Review | Scream 4
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Scream 4
Movie Critic Dave's Ratings
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1.5
Grade
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Movie Critic Dave's Ratings
Stars
1.5
Grade
User Stars
Total Votes: 2
Average Rating: 2.00
2.00
Rate!
0.0
Only members can vote
Member Login
Release:
April 11, 2011
Rated:
R
Run Time:
111 min
Homepage:
Budget:
$40,000,000
Revenue:
$97,138,686
Genres
Review
By Movie Critic Dave

While having a pair of minor surgeries over the past two months, my movie going has been kept to a minimum lately. And after finally feeling "up to it", my first choice was to see Wes Craven's Scream 4. At my root, I'm an avid horror fan. The genre helped spark my love for cinema. As a youngster I grew up on the classics (which almost all have had terrible remakes of late), but my youth lacked a new, fresh, and innovative approach to scary movies. Enter Wes Craven and 1996. The original Scream was, by no exaggeration, a masterpiece. Both scary and cleverly crafted, it helped reinvent the horror genre. Unfortunately for Craven, however, the film's second and third installments were both major disappointments. With the only question being, will the director's fourth vision hold up?


A little over a decade after her last attack, Sidney Prescott (Campbell) has attempted putting her troubled past behind her through her new self help book. When she returns home to Woodsboro for a book signing, local sheriff Dewey Riley (played by Arquette) informs her that a copycat killer has struck again. This new killer is using the original as a model, but with a whole new set of rules. This leaves everyone at risk, and more importantly, everyone's a suspect.

 


Scream 4 starts out in a very strange way. I won't give out any details, but the opening sequence is unique, yet inefficient. I found it to be confusing until I finally wrapped my head around everything. And once you inevitably get the point, you're unamused by its delivery.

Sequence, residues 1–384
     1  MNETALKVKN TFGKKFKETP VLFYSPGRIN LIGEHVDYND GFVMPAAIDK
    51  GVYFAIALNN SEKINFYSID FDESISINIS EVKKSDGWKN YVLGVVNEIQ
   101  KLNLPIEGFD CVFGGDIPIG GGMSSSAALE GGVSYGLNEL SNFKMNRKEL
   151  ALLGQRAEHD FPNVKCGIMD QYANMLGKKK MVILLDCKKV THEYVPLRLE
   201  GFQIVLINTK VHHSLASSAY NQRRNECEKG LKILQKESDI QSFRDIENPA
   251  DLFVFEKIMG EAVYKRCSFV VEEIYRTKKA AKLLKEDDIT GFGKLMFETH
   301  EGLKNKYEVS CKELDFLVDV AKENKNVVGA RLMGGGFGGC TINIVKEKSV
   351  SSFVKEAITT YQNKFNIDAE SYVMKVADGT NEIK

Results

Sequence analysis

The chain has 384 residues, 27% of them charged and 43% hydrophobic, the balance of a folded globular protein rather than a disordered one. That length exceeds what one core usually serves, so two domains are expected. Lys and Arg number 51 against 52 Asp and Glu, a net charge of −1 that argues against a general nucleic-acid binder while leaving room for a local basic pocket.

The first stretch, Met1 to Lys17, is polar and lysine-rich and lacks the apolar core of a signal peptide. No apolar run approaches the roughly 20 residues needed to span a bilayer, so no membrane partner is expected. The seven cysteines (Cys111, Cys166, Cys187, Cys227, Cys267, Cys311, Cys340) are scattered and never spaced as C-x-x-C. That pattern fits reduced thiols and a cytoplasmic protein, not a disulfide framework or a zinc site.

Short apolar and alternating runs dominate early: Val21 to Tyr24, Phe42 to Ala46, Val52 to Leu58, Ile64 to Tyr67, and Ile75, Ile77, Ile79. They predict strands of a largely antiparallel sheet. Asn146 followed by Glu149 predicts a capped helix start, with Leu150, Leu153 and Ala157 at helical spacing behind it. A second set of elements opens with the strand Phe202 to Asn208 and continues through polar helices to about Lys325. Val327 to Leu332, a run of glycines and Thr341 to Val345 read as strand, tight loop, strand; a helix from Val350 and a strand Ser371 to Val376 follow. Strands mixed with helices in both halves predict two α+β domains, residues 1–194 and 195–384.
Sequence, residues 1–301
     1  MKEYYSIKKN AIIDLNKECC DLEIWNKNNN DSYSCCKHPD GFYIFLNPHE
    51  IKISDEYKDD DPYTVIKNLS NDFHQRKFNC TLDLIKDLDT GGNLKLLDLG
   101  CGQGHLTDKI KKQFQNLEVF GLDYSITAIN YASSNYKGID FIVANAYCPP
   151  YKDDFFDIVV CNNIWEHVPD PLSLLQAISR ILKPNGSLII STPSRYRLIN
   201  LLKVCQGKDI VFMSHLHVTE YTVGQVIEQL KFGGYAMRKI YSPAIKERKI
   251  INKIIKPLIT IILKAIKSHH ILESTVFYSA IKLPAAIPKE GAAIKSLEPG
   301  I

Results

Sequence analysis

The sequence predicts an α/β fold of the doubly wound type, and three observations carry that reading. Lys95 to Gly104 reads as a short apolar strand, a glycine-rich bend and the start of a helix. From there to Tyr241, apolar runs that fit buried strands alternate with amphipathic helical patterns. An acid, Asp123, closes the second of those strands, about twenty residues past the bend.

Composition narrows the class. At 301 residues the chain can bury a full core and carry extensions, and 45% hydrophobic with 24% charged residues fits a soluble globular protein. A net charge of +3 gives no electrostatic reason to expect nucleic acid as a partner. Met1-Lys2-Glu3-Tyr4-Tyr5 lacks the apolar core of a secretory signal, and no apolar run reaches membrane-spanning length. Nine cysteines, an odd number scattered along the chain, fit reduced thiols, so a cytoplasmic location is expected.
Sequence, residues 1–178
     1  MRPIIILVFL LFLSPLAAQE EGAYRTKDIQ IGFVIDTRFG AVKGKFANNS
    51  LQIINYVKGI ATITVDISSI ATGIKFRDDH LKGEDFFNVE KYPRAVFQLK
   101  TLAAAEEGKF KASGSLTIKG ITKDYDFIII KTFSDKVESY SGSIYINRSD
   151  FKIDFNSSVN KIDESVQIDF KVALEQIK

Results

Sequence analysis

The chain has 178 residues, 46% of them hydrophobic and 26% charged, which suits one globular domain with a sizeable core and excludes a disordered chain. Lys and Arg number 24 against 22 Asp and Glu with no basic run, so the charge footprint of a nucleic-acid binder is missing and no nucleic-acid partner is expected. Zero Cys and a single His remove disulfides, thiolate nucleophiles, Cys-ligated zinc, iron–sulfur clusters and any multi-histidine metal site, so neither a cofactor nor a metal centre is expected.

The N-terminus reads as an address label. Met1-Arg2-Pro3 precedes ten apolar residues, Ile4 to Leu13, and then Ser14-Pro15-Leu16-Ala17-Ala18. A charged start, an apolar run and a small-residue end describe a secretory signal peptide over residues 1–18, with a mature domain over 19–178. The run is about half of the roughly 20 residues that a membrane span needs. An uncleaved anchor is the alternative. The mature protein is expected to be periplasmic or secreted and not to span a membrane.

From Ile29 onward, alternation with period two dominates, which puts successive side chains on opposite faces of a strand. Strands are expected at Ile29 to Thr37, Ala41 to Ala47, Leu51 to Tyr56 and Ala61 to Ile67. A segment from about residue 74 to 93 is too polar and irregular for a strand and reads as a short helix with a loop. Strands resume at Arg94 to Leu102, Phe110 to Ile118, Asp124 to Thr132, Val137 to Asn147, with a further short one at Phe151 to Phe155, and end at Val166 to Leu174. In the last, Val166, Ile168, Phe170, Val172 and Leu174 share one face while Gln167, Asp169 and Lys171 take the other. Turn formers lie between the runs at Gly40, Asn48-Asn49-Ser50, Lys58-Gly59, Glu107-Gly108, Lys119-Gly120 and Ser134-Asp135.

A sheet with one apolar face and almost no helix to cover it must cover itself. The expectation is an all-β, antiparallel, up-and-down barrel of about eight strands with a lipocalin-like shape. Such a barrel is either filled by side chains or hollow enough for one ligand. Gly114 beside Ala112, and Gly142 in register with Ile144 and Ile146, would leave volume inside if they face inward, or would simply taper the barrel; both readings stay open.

Once the movie gets going there are plenty of ups and downs with the film. For true horror fans, you'll find plenty of enjoyment in Craven's stylistic approach to the murder scenes. They give off a slight hint of recycled goods, but they're much better than what we've grown accustomed to lately. Furthermore, similar to his original creation, Scream 4 has a handful of scenes that really get your brain running rampant in detective mode. In fact, one of the true bright spots of the film is Craven's ability to craft a taut, "who done it" story. For the most part, the film will surely leave you guessing.


Despite some obvious positive attributes, Scream 4 falls apart in many areas. For starters, the movie would have greatly benefited from NOT including Dewey and original character Gail Weathers (played by Cox Arquette). Their overly animated characters and storylines took away from the strongest areas of the film. Craven falters by forcing some old characters into a new brand. Had he ditched the old timers and added more emphasis to the new crop of characters, it would have given the film a greater lasting effect.

 


Furthermore, Scream 4 has an obvious ending problem. Often a point of concern in Craven's history, the director once again ineffectively concludes his film. Trying to do the movie justice, he actually creates a less powerful ending. The story called for a different resolve, and unfortunately Craven forced it in another direction.


The acting was sufficient and the mood was appropriate, but little details kept Scream 4 from being an elite horror film. It was entertaining (despite some cliche dialogue every now and again), but ultimately, Scream 4 is no match for its original. If you want to see a decent horror movie for a cheap scare, get to the theatre. If horror's not your thing, you won't miss much here.

 

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